This Week I Love …

mn1-out-lg

… upfront payout consignment stores.

I’ve been consigning my clothes for many years now, and used to take ALL of my stuff to the Turn Style stores. I’d had decent luck, though the consignment model was a little frustrating: I brought in my items, buyers looked them over, took what they wanted, put them on the floor, and IF someone bought them I could collect my percentage two weeks later. If no one bought them, I could pick them up at the end of the season. Fair, certainly, but long and sometimes fruitless.

When I purge my closet, I follow these guidelines: Anything more than a few years old goes to thrift and charity stores, anything with a recognizable and covetable brand name (Fluevog, Frye) goes to eBay, but the in-betweeners go to consignment. Items that are relatively new and in good shape, but too much trouble to list on eBay. Late last year when I began transitioning my style in earnest, I decided to branch out and try a few other consignment options. And I’m ever so glad I did.

Chains like Style EncoreBuffalo Exchange, Clothes Mentor, Plato’s Closet, Crossroads, and Everyday People run things a little differently. You bring in your items, buyers look them over, make you a cash or trade offer for the items they want to take, and you leave the store with cash and any rejects. Percentages vary from store to store, but in most cases you’ll be offered between 30% and 50% of the planned selling price. And, ya know, no waiting to see if you’ll get paid or not.

What I’ve learned about upfront payout consignment stores:

  • Call ahead to find out what they’re most interested in buying. If they’re full up on boots and you bring them five pairs, they’ll pass. Especially if storage is limited.
  • Some chains buy for all seasons year-round, but others are season-specific. Make sure you know your shops’ preferences.
  • Most stores want stuff that was made within the past two years, especially when it comes to clothes. They can be a little more lenient with shoes and accessories.
  • Wear and tear will work against you. If a sweater is drowning in pills or shoes could really stand a new heel tip, be prepared for passes.
  • Many stores have specialties and they influence buying behaviors. The obvious one is Plato’s Closet which caters to tweens and teens, but some are subtler. Most Clothes Mentor stores focus on mid-market, mall, workwear items, but Buffalo Exchanges often take covetable vintage items.
  • If you can, make a day of it. Pack up your consignables, start with your favorite store, and then take your rejects around to any other nearby stores. (If you’re like me, after about three stores you’ll be ready to surrender the leftovers to your favorite thrift shop.)

Anyone else consign with cash-payout stores? Are there any other chains I’m missing? Folks outside the U.S., do your consignment shops typically pay you out immediately or wait to see if your items sell?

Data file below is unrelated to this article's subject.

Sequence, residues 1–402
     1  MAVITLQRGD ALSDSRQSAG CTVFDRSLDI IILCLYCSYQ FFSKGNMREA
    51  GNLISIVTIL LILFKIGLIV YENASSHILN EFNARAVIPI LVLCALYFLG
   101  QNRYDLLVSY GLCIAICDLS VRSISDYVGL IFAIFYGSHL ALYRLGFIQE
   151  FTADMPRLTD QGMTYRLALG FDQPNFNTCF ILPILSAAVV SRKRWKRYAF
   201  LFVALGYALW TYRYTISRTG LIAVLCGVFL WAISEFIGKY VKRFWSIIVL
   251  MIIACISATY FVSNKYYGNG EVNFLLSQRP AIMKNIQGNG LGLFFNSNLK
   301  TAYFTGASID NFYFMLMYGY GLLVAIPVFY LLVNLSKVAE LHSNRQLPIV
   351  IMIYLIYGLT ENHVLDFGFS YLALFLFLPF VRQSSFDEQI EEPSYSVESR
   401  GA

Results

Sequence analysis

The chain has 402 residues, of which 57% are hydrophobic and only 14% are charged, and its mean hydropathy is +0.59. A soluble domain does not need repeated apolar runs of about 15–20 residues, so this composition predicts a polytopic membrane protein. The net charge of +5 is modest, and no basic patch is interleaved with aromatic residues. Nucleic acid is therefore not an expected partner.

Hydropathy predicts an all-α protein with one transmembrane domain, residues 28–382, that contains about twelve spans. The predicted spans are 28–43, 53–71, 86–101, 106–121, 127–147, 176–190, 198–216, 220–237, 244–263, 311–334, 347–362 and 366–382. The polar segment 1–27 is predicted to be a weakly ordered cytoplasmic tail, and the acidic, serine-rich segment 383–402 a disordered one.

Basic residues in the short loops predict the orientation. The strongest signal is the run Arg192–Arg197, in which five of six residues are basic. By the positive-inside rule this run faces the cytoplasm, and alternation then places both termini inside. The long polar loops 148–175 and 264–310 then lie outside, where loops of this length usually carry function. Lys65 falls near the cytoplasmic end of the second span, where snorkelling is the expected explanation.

Image courtesy Buffalo Exchange.

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8 Responses to “This Week I Love …”

  1. two_owls

    Do such stores even exist outside the US? I live in the UK, and I’ve never heard about any consignment stores here. Ditto for Norway where I lived before. Here you can find dozens of charity shops in one place, but none of them will pay you anything for your stuff. So for me it’s either that or eBay.

    • Rebekah Jaunty

      I’ve seen them here in Germany with names like “designer secondhand” and a small sign saying they’ll only buy clothes by appointment. Sadly, my area doesn’t have anything like a Buffalo Exchange or Plato’s Closet. I miss them!

    • JB

      I’ve been to a really cool high-end consignment store in Bath – can’t remember the name now. But that one may be the exception.

    • Jan

      In Germany you have consignment stores (not only designer ones) and a lot of charity shops. I live in a small town and unfortunately I have only charity shops nearby, where I can give my clothes to (or public containers, where clothes are collected in). No possibility to get some money back.

  2. Helena

    I like your suggestions! Plato’s Closet is my consignment store of choice. They have both rejected and accepted different offerings I have made. I hate to shop their clearance sales, though. There are women wall-to-wall and you can’t make a rational selection, because of the jostling.

  3. Marlen

    Yes, it’s so hassle free! Sometimes it’s disappointing when they only buy a couple of things and you lug those big bags to the car, but sometimes you can get lucky. I also sometimes bring in the same bag of clothes two to three times, since different buyers will pick up different pieces 🙂 Sneaky.

    xo Marlen
    Messages on a Napkin

  4. crtfly

    Sally,

    I wonder if the originator of Plato’s Closet stores has a Philosophy degree. Is s/he really referencing Plato’s Cave or is that a coincidence? I wonder how many of the people who shop there have ever heard of Plato’s Cave or get the significance? It’s good for all of us to remember to stop focusing on the shadows on the cave wall and get outside in the light and see the real thing!

    Chris

    • Sally McGraw

      Good question, Chris! I did a quick search and found two answers that both make sense:

      The owners asked their teenage son to help them come up with a name for the business. The son was studying Plato in school and had developed a great respect for him so that is the name he chose.

      Plato’s theories of reusing and preservation appeared to be a good parallel to the unique idea of recycling.